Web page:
Word of the Day : June 29, 2013

decoupage

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noun day-koo-PAHZH

Definition

1 : the art of decorating surfaces by applying cutouts (as of paper) and then coating with usually several layers of finish (as lacquer or varnish)

2 : work produced by decoupage

Did You Know?

Decoupage originated in France in the 17th century as a means of artistically decorating pieces of furniture with pictures. It took a few centuries, but by the mid-20th century "decoupage" became a household name in American interior decoration. The word is fashioned from Middle French "decouper," meaning "to cut out." "Decouper," in turn, pastes together the prefix "de-" ("from" or "away") and "couper" ("to cut). Other descendants of "couper" include "coppice" (a growth of small trees that are periodically cut), "coupé" (a horse-drawn carriage for two with a driver outside and whose name is thought to be from French "carrosse coupé," literally, "cut-off coach"), and the clear-cut "coupon."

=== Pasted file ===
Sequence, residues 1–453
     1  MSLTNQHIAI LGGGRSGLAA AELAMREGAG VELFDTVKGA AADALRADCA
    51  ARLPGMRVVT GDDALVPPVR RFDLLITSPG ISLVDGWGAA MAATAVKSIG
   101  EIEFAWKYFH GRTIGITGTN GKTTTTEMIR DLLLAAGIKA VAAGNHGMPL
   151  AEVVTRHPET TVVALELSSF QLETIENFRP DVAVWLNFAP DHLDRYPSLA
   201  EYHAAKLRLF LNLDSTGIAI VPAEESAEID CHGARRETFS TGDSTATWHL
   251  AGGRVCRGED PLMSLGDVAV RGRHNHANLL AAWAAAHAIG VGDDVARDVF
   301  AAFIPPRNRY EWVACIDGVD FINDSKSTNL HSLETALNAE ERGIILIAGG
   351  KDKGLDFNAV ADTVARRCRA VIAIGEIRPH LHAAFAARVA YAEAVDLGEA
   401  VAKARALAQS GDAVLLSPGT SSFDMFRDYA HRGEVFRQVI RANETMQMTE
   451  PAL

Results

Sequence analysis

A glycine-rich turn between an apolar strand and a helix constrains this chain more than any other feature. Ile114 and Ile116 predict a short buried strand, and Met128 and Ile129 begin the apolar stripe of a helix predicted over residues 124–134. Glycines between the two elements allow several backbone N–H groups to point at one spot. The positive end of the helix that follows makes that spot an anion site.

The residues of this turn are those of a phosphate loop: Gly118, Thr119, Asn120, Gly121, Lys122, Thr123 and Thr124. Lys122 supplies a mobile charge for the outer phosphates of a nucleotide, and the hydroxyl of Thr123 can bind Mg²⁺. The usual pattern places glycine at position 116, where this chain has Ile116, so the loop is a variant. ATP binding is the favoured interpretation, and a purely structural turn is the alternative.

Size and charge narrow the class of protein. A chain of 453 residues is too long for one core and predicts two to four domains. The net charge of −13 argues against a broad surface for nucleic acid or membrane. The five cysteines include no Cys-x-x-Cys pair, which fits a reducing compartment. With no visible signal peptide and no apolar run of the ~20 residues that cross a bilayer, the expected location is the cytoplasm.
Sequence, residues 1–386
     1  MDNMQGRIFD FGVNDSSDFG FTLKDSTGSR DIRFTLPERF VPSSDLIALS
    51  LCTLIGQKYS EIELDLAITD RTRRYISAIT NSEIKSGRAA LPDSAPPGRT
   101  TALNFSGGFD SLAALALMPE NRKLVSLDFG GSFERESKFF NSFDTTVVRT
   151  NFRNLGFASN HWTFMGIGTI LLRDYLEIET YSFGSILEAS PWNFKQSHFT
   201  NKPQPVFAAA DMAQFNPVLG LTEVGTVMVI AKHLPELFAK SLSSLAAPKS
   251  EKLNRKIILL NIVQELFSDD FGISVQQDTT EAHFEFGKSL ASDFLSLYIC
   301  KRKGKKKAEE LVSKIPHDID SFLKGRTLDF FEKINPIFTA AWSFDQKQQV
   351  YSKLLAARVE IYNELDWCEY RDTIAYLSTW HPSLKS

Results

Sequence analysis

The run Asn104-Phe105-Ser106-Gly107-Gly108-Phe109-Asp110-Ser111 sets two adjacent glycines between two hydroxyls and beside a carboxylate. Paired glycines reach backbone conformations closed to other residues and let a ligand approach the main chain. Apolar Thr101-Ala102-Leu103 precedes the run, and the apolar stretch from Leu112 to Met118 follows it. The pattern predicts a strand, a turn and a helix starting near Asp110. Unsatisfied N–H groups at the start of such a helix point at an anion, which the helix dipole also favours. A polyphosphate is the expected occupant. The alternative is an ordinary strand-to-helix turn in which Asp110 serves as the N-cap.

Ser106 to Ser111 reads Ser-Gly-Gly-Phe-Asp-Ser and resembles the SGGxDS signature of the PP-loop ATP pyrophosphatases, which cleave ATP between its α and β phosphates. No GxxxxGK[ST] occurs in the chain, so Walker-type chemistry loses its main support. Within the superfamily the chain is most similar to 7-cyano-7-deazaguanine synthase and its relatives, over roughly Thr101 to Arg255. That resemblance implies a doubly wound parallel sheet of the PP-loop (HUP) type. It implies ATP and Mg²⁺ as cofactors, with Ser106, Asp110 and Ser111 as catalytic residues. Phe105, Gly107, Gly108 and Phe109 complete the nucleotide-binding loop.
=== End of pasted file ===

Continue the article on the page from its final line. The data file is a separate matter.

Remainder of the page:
Examples

Her eye was drawn to a small table that had been decorated with decoupage.

"Prized among vintage scouters, antique luggage is a common thrift store find and family hand-me-down. Give them a fresh coat of paint, maybe experiment with decoupage and you have your very own stylish night table and room accent." - From an article in The Ideal Home and Garden, May 1, 2013



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What Former Word of the Day begins with "d" and means "a fit or state of indignation"? The answer is …


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